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October 03, 1939 - Image 1

Resource type:
Text
Publication:
The Michigan Daily, 1939-10-03

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Z-322 ANN ARBOR MICHIGAN TUESDAY. OCT. 3. 1939 PucEFVm

i

American Republics Pla:
Safe Zone For Navigatioi
Germany Still Seeks Peac

Senators Pittman And Borah
Begin Neutrality Discussion
By MAk BOYD
WASHINGTON, Oct. 2.-(AP)-A history-making Senate debate to de-
termine whether this country;should lift its ban upon arms sales to bellig-
erents began today with Senator Pittman (Dem.-Nev.) declaring that the
embargo gave unfair aid to Germany and Senator Borah (Rep.-Idaho)
warning that repeal would put the United States into war.j
Before crowded galleries tense with a realization. of the gravity of the
occasion, the slim 67-year-old Nevadan quietly stated the Administrauion's
case and the "Lion of Idaho" replied with a vigor that belied his 74 years. ;
Pittman, chairman of the Senate Foreign Relations Committee, declared
at the outset that the proposal to repeal the arms ban and place all trade
with belligerents upon a 90-day-credit-and-carry basis was "the most
important legislation that has ever been proposed to .Congress." The pres-
ent world situation was the gravest in history, he said, and "we as the
representatives of a peace-loving democratic people have no right to refuse
to take into consideration that such war, or a war that develops out of it,
may not some day be brought to the gateway of our. own country."
Borah, speaking as dramatically as years ago wnen he led the success-

British Airplanes A
Over Berlin, Acco
To London Authc
American Touri
Cautioned By
(Unless otherwise stated all
dispatches are subject to censc

It was their opposition to proposed repeal of the arms embargo--not
traditional politics-that made strange bedfellows of this trio at a
Washington meeting' sponsored by peace groups. Left to right: Sen.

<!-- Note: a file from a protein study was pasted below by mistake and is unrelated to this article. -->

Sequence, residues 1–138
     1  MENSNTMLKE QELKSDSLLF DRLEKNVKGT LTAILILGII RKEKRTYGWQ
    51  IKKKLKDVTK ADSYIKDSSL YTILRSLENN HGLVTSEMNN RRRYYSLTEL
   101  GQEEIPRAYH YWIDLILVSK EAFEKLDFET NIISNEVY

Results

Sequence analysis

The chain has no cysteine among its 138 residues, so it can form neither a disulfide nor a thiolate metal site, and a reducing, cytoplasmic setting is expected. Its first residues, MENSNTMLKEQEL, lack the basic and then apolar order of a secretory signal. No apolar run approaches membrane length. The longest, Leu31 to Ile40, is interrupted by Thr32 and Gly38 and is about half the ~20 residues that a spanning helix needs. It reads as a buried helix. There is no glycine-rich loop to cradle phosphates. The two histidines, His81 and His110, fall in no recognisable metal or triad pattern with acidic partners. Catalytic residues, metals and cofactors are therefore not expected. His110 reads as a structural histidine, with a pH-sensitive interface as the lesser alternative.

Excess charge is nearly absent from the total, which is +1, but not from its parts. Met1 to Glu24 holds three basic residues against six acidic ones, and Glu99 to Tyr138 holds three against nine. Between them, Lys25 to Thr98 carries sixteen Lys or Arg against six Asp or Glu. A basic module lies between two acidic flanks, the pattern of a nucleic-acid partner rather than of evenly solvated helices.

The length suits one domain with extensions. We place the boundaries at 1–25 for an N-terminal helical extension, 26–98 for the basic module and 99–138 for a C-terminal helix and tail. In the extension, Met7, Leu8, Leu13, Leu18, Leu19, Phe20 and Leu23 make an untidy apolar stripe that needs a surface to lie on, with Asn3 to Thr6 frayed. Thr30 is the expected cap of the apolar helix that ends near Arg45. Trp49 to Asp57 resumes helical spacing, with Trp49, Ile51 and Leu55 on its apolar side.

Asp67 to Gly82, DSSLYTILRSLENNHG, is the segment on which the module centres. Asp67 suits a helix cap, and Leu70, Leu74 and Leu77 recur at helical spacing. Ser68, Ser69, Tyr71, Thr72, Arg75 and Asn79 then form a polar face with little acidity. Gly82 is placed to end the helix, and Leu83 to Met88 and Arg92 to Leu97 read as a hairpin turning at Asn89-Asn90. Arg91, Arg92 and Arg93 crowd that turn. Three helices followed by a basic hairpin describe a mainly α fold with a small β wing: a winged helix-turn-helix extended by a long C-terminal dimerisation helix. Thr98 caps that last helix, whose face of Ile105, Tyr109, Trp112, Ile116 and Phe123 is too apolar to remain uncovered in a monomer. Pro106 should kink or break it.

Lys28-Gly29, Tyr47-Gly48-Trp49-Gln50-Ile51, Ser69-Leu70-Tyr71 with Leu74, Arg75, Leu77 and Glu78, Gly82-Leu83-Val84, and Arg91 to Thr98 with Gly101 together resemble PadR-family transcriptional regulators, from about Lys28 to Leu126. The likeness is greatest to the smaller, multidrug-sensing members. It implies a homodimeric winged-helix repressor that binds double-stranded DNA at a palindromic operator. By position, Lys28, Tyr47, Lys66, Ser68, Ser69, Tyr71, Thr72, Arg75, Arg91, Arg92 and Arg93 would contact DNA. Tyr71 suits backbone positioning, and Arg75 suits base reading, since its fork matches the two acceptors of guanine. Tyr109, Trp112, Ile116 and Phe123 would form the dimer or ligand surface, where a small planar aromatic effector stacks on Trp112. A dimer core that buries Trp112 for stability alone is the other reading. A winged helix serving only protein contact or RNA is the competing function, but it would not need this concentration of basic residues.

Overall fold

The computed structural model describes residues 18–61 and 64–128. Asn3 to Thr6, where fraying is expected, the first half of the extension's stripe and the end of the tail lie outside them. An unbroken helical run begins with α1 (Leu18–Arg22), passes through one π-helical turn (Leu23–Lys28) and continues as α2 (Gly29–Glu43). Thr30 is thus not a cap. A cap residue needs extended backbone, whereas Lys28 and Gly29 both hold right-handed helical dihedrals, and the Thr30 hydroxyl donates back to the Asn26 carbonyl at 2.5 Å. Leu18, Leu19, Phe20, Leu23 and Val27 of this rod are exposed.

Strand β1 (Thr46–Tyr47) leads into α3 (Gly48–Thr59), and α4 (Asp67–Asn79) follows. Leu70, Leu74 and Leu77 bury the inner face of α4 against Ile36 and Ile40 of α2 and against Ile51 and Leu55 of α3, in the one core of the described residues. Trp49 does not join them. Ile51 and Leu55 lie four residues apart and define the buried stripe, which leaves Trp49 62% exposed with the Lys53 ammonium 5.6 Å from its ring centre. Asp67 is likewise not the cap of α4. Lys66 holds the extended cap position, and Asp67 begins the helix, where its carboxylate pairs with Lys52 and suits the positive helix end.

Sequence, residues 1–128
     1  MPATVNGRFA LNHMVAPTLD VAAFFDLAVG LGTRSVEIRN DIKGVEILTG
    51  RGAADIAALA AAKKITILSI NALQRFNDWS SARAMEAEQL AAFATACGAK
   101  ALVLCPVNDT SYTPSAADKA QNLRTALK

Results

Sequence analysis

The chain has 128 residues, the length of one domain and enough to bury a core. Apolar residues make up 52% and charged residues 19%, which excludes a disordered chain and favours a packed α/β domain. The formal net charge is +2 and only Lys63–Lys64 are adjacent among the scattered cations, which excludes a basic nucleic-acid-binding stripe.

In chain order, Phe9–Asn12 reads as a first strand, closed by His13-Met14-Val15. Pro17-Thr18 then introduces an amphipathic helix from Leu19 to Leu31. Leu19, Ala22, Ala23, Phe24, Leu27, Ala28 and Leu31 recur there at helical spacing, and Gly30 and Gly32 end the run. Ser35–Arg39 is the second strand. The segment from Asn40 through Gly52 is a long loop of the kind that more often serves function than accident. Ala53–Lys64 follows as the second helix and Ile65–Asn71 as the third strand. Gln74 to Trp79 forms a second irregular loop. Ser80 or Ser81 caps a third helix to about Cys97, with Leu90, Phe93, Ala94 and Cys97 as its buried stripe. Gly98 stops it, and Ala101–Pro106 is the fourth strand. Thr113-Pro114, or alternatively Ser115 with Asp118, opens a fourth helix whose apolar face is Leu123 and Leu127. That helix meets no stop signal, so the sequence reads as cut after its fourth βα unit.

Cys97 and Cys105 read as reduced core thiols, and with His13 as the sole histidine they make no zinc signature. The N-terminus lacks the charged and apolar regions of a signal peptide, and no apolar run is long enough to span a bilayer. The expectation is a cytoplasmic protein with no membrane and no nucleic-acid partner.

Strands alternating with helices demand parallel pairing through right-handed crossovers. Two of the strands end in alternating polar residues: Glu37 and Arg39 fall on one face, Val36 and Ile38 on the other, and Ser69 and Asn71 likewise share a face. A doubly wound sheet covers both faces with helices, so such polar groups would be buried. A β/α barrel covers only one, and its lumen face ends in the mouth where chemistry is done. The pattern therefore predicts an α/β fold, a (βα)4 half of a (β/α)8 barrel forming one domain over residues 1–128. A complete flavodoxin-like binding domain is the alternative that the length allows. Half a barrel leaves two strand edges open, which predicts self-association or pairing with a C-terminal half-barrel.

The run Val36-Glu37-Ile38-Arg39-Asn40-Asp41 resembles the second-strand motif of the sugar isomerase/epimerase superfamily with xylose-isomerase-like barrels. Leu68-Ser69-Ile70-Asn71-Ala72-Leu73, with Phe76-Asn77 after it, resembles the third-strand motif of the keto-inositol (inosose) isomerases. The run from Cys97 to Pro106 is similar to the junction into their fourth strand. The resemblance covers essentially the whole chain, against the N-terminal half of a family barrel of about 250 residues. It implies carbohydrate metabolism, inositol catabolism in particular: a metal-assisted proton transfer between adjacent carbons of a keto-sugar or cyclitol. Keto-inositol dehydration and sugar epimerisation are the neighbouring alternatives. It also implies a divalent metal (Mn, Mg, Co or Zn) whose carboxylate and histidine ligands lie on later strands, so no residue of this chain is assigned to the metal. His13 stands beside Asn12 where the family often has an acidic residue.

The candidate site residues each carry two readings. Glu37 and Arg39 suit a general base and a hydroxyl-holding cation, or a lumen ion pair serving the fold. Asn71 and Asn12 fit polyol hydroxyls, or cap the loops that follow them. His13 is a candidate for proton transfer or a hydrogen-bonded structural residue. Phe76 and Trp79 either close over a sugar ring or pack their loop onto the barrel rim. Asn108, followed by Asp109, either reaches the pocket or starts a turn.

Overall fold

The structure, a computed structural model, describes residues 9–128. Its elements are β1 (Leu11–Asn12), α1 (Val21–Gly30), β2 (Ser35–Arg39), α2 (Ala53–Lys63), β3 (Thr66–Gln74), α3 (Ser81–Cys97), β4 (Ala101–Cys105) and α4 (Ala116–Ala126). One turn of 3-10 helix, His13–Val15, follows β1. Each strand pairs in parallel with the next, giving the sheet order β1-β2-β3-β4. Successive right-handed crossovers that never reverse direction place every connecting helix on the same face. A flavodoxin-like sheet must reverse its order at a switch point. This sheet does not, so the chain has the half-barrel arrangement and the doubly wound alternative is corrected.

Bennett Champ Clark, Socialist Norman Thomas and Sen. Gerald P.

ful fight gainst American entry int
"We will be in the war from, the
time the machinery is set in motion
which carries these instrumentalities
(arms and munitions), to the seat of
war."
Referring to the legislation's pro-
vision that belligerent purchasers of
American goods must take title to
them before they are shipped, and
transport them in non-American yes-
sels, the Idahoan said it had been
argued that Americans would no-
longer invite attack from the com--
batants.
"It does not seem to me quite sol
simple,":he continued. "If a r anu-
facturing plant, we will say, is locat-
ed at Wilmington, Dela., engaged in
shipping munitions to Great .Britain;
will the antagonists, belligerents, wait
until title has passed?
"Will not every munitions manu-
facturing plant, every arsenal in thea
United States, be spotted for destruc-
tion? Will they wait until the cargo
is in course of shipment to plant the
:lynamite or to drop the bomb, or to
Destroy the shippers? . . . it will
bring the war into our very midst "
Borah said he could not see how'
this country, once having changed its
law to permit sales which he said
would admittedly go to France and
England, could refuse ultimately to
send its armies to their aid also.
Yell eaders
Plan_ Activity
Ted Spangler To Supervise
Cheering This Season
Two new yells and an enlarged
cheering-section will improve the
support of the football team this fall,
Ted Spangle?, '40, head cheerleader,
announced last night.
Eight cheer leaders will see their
first action this year at the pep rally
which will be held Friday, Oct. 6, in
Hill Auditorium. They will teach
me of the new cheers to the students
who attend the meeting. This new
yell is called a "whisper cheer" and
consists of repeated spellings of
"Michigan" which grow in volume,
ending in a shouted "Yea Michigan."
The second cheer will not be ready
for use during the State game, as the
yelling must be coordinated with the
band.
The well known surprise stunts of
the cheer leaders which have always
taken place before games will not be
lacking this year. Spangler said that
his charges preferred not to make
any of the plans for these stunts
known until time for their execution.
Organized voicing of the famed
Michigan "spirit" will be under the
direction of the following men this
year: Ted Spangler, '40, head cheer
leader. Ken Kimble, '40; Art Treut,
'41; Chuck Jaslow, '41; George John-'
son, '41; Walt Florvs. '42; Bud